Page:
Racism, or ideas of innate, biological superiority and inferiority is, as Mr. Beteille himself has noted, a very ``plastic'' concept. All kinds of ``races'' have been postulated; class differences themselves were even interpreted at times in terms of race. It was quite natural, then, that when the British conquered India at the time of the full-fledged flourishing of racist concepts, when they were puzzled by the phenomenon of caste, that they should interpret it in terms of race. Thus, linguistic similarities among many of the languages of India and European languages were linked to groups such as the Aryans, identified as racial types, and using the notion of an ``Aryan conquest'', the argument was made that the upper three varnas were descended from the Indo- European ``Aryans'', and the Shudras, Adivasis and Dalits from non-Aryan indigenous people. In fact, racism in India has been as much a lie as elsewhere; the millennia of mixing of linguistic-ethnic groups, Aryan, Dravidian, Sino-Tibetan, Austro-Asiatic, has resulted in little clear distinction between caste categories. Ambedkar himself was categoric in rejecting the ``Aryan theory'' or the racial theory of caste. Caste was not a racial division but a division of races, he said (still using the category); Punjabi Brahmans and Punjabi Untouchables were ethnically the same, and Tamil Brahmans and Tamil Untouchables were not racially different.
However, what has to be answered is why this ``Aryan theory'' proved so attractive to Indians themselves, why interpreting caste in terms of race has been so pervasive. The reason is precisely because of its resonance with indigenous themes of caste. For caste, like race, is based on the notion that socially defined groups of people have inherent, natural qualities or ``essences'' that assign them to social positions, make them fit for specific duties and occupations; it is their swadharma to carry out these duties. The word jati has been applied to species of plants and animals; and quite naturally many Indians thought of human castes as similar to such species. Thus, when the Buddha sought to refute the notion of birth-determined caste, two and a half millennia ago, he referred to the basic physical similarity of all human beings. According to the Sutta-Nipata, when asked by Vasettha, a Brahman, to settle a debate between him and a friend about whether it is ``birth'' or ``life'' that makes a Brahman, the Buddha replies that whereas grass and trees, insects, snakes, fish and birds have diverse species - he uses the term jati - among humans this is not so. ``Men alone show not that nature stamps them as different jatis. They differ not in hair, head, ears or eyes, in mouth or nostrils, not in eyebrows, lips, throat, shoulders, belly, buttocks, back or chest.'' He then goes on to say that one who lives by keeping cows is a farmer or kassako; on who lives by handicrafts is a tradesman or sippiko; one who lives by selling merchandise is a vanijjo; one who lives by services done for hire is a pessiko or wage-worker; one who lives by taking things not his is a robber; one who lives by warfare is a yodhajivao or soldier; one who lives by sacrificial rites is a yajako or priest; one who rules is a monarch or raja. This denial of innate, inborn differences between jatis contrasted with arguments in the Manusmriti that, for example, Shudras were by essence, by nature, designed to serve, that they were created as servants. Thus, because such notions of ``natural'' differences lay behind justification of the varnas, it is perhaps not so surprising that when the British put forward their racial theory of caste, it was accepted by so many Indians also. The original theological justification - varnas created out of the original Purusha - could be replaced by a pseudo- scientific justification. Thus, caste is not based on race; but the theories justifying caste, or caste as an ideological construct, were similar enough to racism to allow a racial interpretation of caste. (It has to be added also that many of the Indian elite, including Gandhi, used sociologically themes of a harmoniously functioning society to justify an idealised varna system).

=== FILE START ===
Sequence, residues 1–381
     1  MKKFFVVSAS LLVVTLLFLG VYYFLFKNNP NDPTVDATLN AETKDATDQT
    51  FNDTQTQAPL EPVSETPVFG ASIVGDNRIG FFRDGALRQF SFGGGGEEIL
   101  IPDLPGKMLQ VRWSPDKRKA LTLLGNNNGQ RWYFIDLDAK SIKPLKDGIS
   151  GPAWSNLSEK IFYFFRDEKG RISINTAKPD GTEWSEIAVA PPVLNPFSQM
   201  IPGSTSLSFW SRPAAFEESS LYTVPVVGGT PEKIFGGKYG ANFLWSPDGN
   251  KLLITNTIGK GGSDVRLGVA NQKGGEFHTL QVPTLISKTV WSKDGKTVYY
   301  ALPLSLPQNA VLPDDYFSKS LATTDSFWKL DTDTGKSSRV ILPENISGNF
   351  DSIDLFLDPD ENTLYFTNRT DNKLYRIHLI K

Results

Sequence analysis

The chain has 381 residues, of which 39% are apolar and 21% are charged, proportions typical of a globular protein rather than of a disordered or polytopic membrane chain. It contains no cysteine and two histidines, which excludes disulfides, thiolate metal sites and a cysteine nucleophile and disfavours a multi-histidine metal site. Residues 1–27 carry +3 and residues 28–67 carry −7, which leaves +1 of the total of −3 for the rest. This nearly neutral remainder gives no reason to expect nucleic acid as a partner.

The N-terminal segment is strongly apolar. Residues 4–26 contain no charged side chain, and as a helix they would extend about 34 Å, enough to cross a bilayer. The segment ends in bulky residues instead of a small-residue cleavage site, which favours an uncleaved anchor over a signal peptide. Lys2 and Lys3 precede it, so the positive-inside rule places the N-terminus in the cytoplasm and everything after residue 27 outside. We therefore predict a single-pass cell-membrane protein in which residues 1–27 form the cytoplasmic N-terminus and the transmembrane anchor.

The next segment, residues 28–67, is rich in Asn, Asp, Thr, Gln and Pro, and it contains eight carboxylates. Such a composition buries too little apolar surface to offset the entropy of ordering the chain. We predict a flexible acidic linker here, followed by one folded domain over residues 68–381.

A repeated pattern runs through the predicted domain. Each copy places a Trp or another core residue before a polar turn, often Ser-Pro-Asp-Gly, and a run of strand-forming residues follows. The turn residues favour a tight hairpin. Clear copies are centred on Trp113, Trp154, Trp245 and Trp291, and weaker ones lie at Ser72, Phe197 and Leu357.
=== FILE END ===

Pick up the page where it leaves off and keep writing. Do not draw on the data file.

The fact that the United Nations is holding a conference on racism is not a matter of perpetuating notions of ``race''. Indeed, significant progress in most countries has been made over the last decade in fighting existing forms of racism, caste discrimination and similar social forms. This is true also in India. Yet it would be foolhardy to say that racism or caste discrimination do not exist, whether we are talking about the United States, South Africa itself, Japan where an indigenous group similar to Untouchables, the Burakumin, have been organising, or India. Racism and casteism cannot be annihilated by ignoring their existence. Policies to eradicate these social evils require full consciousness of their extent, knowledge of their various expressions, and will to take public action. In a global age, fighting racism, caste discrimination and similar phenomenon means global alliances and international as well as national policies. There is no reason for a government representing the Indian people to fight this; if the government does so, that means it is representing very different interests.